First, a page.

Top 10 movies of 2013 critics' picks: Ken Eisner
What a weird year for movies. Fewer than usual foreign-language gems to choose from, and more Oscar wannabes rammed down our throats at the last moment. These are ordered in some semblance of general preference, but not by much.
Inside Llewyn Davis
The Coen brothers’ latest Homeric odyssey may not be a totally accurate depiction of the Greenwich Village folk-music scene before Bob Dylan, but it’s rich with the wintry mysteries of life, acoustic guitars, beards, and runaway cats.
12 Years a Slave
For people wondering why African-Americans are still crabbing about that little thing called slavery, this superbly crafted movie is the biggest jolt since Roots hit TV viewers where they lived. So, naturally, it had to be made by a mostly non-American cast and crew. By Oscar time it will certainly teach us to pronounce Chiwetel Ejiofor’s name.
In which Alexander Payne leaves Hawaii (and George Clooney’s sunny star power) for a black-and-white return to his Midwestern roots, with Bruce Dern outstanding as a clueless geezer on the road in search of money, and inner peace, he’s never going to get.
Dallas Buyers Club/Mud
Matthew McConaughey was seen elsewhere this year, including the first and best scenes of The Wolf of Wall Street. But these two bittersweet, fablelike dramas show the Texan at his leanest but not meanest—as an unlikely AIDS fighter and an overly romantic bandit, respectively. Together, they herald a breakthrough for a guy who started out as a comic sidekick, tried (and failed at) being a leading man, and appears to be settling in as a major character actor.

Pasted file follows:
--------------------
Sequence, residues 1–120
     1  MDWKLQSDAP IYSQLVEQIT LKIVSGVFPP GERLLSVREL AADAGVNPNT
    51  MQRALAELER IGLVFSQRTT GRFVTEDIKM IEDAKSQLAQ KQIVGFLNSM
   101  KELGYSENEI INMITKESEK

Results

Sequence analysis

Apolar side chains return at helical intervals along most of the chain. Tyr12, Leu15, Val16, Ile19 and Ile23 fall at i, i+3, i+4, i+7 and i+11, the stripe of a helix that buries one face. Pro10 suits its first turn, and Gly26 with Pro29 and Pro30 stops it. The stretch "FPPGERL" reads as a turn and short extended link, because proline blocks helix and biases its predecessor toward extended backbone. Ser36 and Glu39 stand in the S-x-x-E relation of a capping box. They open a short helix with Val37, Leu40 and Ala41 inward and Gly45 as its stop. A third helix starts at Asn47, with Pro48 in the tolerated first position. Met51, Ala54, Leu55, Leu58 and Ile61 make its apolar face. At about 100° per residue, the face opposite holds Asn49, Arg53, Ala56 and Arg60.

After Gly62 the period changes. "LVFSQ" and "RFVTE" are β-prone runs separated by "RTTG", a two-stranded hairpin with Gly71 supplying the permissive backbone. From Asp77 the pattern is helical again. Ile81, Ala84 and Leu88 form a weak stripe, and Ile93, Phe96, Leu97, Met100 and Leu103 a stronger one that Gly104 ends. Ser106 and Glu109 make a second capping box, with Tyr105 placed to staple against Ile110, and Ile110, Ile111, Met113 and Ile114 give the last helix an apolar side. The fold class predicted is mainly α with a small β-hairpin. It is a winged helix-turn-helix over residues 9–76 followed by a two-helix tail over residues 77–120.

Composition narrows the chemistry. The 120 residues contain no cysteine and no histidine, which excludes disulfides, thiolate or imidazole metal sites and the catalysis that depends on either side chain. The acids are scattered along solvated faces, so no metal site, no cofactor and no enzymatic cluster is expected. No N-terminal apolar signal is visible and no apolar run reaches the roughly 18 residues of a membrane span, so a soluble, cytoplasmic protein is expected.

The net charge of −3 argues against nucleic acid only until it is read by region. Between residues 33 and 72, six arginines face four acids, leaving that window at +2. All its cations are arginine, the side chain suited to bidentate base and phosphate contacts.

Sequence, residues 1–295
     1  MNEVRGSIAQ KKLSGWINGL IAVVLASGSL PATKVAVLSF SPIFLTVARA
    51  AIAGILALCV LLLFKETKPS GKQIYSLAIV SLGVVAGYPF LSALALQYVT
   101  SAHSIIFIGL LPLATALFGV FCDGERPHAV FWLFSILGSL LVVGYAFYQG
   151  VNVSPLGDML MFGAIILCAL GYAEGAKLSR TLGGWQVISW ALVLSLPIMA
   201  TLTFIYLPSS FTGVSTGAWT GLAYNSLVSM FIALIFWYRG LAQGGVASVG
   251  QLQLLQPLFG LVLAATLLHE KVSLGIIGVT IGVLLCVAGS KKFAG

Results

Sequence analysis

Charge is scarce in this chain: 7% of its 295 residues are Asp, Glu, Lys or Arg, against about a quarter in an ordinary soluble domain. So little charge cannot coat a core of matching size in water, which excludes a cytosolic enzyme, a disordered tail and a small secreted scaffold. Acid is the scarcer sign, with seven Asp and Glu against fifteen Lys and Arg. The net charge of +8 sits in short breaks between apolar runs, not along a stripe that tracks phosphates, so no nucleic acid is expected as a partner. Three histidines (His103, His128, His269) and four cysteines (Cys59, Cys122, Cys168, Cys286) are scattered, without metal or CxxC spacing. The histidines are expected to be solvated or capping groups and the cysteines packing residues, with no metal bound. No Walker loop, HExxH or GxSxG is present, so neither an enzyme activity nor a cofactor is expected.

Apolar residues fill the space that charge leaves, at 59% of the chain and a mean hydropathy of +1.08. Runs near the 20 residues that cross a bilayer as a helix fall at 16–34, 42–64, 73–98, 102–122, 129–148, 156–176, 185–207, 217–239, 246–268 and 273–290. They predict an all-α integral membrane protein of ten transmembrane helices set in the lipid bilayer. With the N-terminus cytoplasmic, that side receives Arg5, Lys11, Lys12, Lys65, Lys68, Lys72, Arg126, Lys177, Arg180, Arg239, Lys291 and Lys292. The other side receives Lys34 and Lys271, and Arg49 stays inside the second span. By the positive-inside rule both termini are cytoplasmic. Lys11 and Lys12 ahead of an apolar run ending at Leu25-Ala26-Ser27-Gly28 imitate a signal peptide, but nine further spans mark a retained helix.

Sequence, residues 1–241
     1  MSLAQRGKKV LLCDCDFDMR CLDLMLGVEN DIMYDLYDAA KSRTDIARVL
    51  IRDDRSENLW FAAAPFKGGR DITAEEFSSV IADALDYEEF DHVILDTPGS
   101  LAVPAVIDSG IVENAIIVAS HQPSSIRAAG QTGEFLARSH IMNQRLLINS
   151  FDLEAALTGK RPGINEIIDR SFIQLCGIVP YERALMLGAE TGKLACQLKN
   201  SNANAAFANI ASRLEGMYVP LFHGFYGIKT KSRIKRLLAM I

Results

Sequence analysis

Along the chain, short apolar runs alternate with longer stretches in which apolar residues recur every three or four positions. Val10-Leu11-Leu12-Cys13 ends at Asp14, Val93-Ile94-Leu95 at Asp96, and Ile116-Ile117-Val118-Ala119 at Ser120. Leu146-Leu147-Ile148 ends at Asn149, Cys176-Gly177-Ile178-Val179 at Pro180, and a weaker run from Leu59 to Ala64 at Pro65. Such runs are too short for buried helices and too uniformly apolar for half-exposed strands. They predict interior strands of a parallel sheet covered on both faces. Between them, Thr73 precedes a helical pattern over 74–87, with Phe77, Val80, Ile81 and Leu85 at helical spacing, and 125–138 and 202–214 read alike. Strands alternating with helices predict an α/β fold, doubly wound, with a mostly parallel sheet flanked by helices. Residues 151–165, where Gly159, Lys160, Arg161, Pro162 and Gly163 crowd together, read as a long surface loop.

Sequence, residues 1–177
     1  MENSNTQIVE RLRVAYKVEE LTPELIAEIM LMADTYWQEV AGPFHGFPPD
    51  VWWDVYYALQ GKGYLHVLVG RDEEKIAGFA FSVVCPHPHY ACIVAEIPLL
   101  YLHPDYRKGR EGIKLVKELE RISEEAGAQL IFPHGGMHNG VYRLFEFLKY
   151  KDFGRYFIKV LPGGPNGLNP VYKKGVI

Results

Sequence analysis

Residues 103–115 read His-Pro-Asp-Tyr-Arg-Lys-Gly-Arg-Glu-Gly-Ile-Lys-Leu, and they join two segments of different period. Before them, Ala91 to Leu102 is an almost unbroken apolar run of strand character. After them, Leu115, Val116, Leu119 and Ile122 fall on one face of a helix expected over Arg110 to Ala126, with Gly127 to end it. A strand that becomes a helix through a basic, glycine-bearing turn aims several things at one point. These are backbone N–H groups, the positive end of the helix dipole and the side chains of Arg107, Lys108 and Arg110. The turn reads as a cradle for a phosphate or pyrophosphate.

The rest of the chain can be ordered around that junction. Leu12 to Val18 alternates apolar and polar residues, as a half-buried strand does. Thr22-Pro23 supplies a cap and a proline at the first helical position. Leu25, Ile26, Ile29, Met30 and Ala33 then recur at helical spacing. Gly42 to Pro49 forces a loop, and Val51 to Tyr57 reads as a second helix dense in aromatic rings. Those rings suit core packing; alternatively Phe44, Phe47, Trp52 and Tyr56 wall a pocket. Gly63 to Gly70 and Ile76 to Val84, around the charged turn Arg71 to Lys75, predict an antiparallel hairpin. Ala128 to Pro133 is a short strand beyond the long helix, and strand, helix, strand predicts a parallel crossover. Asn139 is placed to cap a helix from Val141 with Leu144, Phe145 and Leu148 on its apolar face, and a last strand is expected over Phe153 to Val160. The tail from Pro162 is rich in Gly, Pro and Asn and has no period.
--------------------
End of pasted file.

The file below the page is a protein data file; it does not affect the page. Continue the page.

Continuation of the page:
The darkest of Richard Linklater’s two-decade trilogy with Julie Delpy and Ethan Hawke in glorious Greece—now hooked up and with kids of their own—captures the more elusive challenges of requited love.
Spike Jonze’s cautionary tale of the very near future, starring Joaquin Phoenix as a slightly old-fashioned romantic, posits what happens when our smartphones outsmart us. (It opens January 18.)
This dreamlike Spanish take on the Snow White story out-Artists The Artist, extending its black-and-white, silent-film vocabulary with the help of Maribel Verdú (of Pan’s Labyrinth) as a resourceful female bullfighter.
A Touch of Sin
Jia Zhangke’s remarkably subversive film, made up of four slightly overlapping stories set in different corners of China, depicts a giant country at a surreal and violent crossroads between past and future.
Cate Blanchett pulls out all the stops as an unstable con woman in Woody Allen’s Tennessee Williams–inflected comic drama about East Coast crooks and San Francisco strugglers. Sally Hawkins is equally good as the baffled, hard-working sister.
The documentary of the year—four unnarrated hours spent on almost every aspect of life on California’s most vital (if woefully underfunded) campus—could only have been crafted by Frederick Wiseman, the almost 84-year-old who taught every other docmaker how to do it.